Businesses which use illegal calls and texts to market their services will face greatly increased fines if the UK government succeeds in having its new Data Reform Bill passed by parliament. The new maximum penalty for unsolicited spam calls and texts would be the greater of 4 percent of the company’s global turnover and GBP17.5mn (USD21.4mn). This represents a substantial increase on the current maximum fine of GBP500,000 (USD611,000). The proposed changes to law were welcomed by the Information Commissioner’s Office (ICO), which would be responsible for levying these fines.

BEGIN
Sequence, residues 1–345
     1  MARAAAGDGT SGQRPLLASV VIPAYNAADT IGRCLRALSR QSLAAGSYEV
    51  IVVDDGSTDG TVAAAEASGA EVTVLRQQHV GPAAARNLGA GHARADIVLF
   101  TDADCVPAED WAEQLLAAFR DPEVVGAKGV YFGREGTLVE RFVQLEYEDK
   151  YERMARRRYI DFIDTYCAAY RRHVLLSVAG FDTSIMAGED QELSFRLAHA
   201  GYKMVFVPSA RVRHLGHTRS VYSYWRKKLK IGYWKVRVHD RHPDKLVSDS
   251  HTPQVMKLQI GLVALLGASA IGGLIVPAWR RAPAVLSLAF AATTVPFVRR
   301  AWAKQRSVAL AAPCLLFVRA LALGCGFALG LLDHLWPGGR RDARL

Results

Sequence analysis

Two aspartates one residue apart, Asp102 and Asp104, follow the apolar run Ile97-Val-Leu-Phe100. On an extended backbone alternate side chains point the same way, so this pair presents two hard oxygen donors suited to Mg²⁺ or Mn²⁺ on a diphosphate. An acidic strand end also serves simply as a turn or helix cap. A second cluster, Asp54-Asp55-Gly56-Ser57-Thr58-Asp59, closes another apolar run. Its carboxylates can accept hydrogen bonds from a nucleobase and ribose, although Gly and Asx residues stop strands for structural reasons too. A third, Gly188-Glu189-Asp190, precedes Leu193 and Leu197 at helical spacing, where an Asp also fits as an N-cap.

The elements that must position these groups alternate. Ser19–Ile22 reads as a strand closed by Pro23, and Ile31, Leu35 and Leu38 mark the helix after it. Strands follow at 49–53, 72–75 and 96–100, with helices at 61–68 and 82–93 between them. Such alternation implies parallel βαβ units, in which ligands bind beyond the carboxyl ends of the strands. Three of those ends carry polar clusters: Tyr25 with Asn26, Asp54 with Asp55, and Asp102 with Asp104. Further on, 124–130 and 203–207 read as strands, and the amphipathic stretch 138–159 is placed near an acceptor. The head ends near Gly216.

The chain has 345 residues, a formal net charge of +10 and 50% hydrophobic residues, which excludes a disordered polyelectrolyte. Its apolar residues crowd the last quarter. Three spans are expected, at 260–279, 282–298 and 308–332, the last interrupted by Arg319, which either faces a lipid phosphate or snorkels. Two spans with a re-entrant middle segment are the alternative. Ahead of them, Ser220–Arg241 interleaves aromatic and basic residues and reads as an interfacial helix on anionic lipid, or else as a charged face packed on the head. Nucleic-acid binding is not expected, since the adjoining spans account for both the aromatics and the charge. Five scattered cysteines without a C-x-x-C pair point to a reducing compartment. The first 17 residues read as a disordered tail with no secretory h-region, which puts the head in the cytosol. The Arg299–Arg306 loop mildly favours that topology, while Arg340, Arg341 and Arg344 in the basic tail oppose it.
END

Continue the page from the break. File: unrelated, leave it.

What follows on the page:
It is debatable whether stiffer penalties will change the number of spam calls and texts received by the British public. ICO has always been an under-staffed, under-resourced agency run by career civil servants who do not want to admit their agency cannot possibly give adequate attention to the tens of thousands of data protection and freedom of information complaints it receives each year. ICO has an annual budget of slightly under GBP60mn, and almost 90 percent of its funding comes from the fees businesses must pay just to register the fact that they process data. In other words, ICO was designed from inception to perform its enforcement duties without relying on money raised through general taxation. This effectively limits how many infringements ICO can investigate, how many fines it can impose, and the extent to which fines are collected. A November 2021 study by MobileMarketing found ICO issued only 47 fines during the first 9 months of 2021, although more than a million organizations have registered their activities with ICO. The study also found that less than half of those fines had been paid, with fines for SMS spam being the least likely to be collected in practice.